Logourl black
From our private database of 14,000+ case briefs...

Rogers v. Board of Road Com'rs for Kent County

Michigan Supreme Court
30 N.W.2d 358 (1947)


Facts

The Board of Road Commissioners for Kent County (Board) (defendant) had a license agreement to place a snow fence on land owned by Rogers’s (plaintiff) husband.  The Board set up the snow fence pursuant to the license agreement. Under the license agreement, the fence, including the anchor posts, would be removed by the Board at the end of the winter season. At the end of one winter season the Board removed the snow fence but did not remove a steel anchor post that protruded six to eight inches above the ground. The grass in the area where the post was located grew to a height that completely hid the post from one’s view. On one particular day in July, while Rogers’s husband was mowing an area where the snow fence had been located, the mowing bar on her husband’s tractor struck the steel post that was hidden from view. As a result of the impact, Rogers’ husband was thrown from the seat of the tractor. Rogers’ husband died from the accident. Rogers sued the Board for trespass and negligence. The court dismissed Rogers’ trespass claim finding that her entire claim was actually a claim based on negligence and not trespass. The court subsequently dismissed Rogers’ negligence claim based on the Board’s defense of governmental immunity. Rogers appealed to the Supreme Court of Michigan. 

Rule of Law

The rule of law is the black letter law upon which the court rested its decision.

To access this section, please start your free trial or log in.

Issue

The issue section includes the dispositive legal issue in the case phrased as a question.

To access this section, please start your free trial or log in.

Holding and Reasoning (Reid, J.)

The holding and reasoning section includes:

  • A "yes" or "no" answer to the question framed in the issue section;
  • A summary of the majority or plurality opinion, using the CREAC method; and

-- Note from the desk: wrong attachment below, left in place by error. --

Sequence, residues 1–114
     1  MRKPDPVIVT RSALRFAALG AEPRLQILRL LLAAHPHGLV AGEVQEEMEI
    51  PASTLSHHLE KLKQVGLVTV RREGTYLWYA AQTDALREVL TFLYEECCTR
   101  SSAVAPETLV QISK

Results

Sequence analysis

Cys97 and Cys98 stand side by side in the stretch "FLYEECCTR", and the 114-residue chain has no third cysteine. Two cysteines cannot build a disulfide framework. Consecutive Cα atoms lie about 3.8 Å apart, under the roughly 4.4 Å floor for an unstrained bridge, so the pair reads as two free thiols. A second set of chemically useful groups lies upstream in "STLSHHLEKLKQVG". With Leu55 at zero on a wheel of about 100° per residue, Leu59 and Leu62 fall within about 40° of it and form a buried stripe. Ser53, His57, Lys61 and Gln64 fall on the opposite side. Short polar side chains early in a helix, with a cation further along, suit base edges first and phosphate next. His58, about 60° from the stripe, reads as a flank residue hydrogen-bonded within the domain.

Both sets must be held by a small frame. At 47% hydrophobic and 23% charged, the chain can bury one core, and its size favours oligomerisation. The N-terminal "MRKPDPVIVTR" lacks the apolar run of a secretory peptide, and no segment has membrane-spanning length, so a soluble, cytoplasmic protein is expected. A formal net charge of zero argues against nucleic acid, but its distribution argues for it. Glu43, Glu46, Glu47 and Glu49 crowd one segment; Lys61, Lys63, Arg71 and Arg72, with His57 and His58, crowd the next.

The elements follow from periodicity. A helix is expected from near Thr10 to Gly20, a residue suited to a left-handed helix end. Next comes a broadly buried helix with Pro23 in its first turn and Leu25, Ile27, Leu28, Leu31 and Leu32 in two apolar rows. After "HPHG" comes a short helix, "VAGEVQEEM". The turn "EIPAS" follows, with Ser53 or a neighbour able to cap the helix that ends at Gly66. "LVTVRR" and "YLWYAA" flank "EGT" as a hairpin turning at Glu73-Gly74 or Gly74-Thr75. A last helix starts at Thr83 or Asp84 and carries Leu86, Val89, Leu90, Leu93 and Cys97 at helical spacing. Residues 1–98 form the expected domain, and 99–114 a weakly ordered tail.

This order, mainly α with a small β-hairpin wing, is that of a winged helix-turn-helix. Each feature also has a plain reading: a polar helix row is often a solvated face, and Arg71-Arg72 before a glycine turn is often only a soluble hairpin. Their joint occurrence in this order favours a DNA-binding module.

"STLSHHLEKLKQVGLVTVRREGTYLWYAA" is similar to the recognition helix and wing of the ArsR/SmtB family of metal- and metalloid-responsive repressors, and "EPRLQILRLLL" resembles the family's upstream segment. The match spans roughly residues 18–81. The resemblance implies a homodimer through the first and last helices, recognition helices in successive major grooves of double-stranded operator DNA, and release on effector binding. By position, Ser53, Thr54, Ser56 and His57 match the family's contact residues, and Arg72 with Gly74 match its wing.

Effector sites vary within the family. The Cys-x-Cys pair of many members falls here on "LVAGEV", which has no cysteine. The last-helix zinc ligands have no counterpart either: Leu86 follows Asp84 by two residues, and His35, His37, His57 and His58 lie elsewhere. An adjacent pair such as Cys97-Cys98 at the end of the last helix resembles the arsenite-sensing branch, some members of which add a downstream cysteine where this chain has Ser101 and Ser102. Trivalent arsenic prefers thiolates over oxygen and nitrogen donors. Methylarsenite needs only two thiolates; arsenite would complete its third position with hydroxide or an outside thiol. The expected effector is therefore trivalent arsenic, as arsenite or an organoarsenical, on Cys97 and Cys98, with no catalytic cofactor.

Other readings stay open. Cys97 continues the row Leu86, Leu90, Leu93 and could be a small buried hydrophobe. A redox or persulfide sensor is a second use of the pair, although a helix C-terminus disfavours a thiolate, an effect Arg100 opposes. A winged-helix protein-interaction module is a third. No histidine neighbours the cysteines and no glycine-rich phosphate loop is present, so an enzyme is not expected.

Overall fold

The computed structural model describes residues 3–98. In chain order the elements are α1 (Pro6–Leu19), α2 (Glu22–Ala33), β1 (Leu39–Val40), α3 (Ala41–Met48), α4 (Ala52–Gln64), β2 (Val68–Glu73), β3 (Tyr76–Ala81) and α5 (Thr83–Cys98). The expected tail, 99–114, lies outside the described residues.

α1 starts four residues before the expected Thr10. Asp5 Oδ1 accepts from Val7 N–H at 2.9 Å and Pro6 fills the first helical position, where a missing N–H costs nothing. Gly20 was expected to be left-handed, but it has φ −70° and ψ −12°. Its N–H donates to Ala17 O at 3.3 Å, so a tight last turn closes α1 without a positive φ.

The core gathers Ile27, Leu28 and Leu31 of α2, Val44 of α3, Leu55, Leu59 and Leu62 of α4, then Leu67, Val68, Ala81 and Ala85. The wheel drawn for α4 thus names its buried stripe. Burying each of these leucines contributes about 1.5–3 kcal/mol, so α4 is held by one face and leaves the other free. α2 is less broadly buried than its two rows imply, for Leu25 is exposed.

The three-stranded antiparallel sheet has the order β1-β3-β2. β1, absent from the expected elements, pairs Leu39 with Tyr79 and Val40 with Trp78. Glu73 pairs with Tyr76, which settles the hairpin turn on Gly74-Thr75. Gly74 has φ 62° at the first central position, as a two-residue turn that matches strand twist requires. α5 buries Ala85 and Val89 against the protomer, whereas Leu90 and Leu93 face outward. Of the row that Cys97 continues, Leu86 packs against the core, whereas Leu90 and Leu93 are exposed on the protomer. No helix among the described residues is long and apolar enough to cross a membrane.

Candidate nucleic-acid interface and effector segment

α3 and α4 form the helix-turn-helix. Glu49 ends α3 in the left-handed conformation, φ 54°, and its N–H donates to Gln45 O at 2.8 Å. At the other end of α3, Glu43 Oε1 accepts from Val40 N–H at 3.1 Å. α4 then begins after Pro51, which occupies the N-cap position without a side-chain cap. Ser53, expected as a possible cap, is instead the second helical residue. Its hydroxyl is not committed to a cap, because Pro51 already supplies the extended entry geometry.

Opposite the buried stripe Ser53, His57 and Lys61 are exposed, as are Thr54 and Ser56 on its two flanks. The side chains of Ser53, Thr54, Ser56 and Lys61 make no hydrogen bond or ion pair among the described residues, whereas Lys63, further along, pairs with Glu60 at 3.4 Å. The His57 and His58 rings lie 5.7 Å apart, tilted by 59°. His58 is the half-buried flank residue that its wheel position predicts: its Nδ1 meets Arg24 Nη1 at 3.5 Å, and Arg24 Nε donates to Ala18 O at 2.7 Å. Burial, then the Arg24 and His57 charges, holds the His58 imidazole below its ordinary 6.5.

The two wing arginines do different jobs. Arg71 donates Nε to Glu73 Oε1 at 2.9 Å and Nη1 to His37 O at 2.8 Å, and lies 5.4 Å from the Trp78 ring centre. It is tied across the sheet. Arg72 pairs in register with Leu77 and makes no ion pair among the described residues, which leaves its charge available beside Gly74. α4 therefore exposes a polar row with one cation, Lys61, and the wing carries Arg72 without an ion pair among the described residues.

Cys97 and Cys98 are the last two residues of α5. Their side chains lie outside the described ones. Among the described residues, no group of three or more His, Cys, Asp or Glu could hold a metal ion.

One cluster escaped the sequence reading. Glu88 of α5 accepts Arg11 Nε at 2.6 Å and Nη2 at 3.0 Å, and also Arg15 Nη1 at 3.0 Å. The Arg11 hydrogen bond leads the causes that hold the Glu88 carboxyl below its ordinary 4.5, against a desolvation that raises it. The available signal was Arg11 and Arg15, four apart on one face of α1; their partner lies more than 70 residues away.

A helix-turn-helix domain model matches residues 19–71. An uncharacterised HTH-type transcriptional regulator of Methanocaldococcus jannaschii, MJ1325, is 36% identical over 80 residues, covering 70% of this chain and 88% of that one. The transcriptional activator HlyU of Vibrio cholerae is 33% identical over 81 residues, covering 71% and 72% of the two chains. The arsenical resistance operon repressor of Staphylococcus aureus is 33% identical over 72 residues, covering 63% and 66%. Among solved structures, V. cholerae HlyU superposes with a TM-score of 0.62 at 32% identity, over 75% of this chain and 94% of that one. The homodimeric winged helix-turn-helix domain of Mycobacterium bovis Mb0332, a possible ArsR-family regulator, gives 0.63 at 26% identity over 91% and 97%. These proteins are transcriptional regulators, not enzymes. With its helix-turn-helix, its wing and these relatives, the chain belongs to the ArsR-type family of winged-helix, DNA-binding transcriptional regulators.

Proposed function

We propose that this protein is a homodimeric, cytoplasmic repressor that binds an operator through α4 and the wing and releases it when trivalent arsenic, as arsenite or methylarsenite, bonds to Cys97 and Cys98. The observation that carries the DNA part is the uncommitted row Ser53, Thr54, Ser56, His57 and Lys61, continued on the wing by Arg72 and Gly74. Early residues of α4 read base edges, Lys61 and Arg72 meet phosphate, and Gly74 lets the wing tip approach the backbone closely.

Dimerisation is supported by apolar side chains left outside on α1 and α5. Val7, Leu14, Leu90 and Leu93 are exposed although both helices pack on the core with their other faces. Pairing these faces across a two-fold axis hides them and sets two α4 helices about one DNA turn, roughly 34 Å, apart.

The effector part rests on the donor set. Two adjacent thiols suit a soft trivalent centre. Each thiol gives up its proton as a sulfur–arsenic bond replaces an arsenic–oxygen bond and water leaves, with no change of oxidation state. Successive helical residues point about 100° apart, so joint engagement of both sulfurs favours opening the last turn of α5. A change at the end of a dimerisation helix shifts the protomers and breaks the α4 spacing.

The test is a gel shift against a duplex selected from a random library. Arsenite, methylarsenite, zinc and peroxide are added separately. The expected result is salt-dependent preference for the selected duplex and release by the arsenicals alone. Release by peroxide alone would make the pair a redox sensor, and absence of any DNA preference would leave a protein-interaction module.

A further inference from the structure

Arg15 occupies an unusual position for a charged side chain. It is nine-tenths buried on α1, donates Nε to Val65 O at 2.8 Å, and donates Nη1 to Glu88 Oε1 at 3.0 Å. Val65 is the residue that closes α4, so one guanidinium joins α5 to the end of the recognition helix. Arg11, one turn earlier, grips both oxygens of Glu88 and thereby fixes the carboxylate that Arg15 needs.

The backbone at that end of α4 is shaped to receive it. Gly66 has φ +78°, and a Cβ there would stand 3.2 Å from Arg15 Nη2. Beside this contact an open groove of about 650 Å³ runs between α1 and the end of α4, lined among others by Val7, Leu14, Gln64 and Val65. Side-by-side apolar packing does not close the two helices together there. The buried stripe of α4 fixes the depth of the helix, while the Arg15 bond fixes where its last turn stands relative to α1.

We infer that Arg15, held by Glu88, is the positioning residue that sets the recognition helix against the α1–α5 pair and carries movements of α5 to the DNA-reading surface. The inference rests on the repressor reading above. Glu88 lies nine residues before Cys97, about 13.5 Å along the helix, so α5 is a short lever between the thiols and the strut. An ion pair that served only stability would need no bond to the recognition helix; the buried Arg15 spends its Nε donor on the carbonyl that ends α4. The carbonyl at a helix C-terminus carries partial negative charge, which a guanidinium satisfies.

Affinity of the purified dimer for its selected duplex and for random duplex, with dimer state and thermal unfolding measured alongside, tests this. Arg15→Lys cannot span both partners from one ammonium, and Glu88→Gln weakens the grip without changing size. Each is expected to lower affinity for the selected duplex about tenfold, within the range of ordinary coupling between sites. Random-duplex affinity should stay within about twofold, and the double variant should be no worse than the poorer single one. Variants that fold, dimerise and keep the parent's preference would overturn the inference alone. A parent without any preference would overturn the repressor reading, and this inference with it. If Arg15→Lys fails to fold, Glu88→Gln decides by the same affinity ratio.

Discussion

• The procedural disposition (e.g. reversed and remanded, affirmed, etc.).

To access this section, please start your free trial or log in.

What to do next…

  1. Unlock this case brief with a free (no-commitment) trial membership of Quimbee.

    You’ll be in good company: Quimbee is one of the most widely used and trusted sites for law students, serving more than 97,000 law students since 2011. Some law schools—such as Yale, Vanderbilt, Berkeley, and the University of Illinois—even subscribe directly to Quimbee for all their law students. Read our student testimonials.

  2. Learn more about Quimbee’s unique (and proven) approach to achieving great grades at law school.

    Quimbee is a company hell-bent on one thing: helping you get an “A” in every course you take in law school, so you can graduate at the top of your class and get a high-paying law job. We’re not just a study aid for law students; we’re the study aid for law students. Read more about Quimbee.

Here's why 202,000 law students have relied on our case briefs:

  • Written by law professors and practitioners, not other law students. 14,000 briefs, keyed to 188 casebooks. Top-notch customer support.
  • The right amount of information, includes the facts, issues, rule of law, holding and reasoning, and any concurrences and dissents.
  • Access in your classes, works on your mobile and tablet. Massive library of related video lessons and high quality multiple-choice questions.
  • Easy to use, uniform format for every case brief. Written in plain English, not in legalese. Our briefs summarize and simplify; they don’t just repeat the court’s language.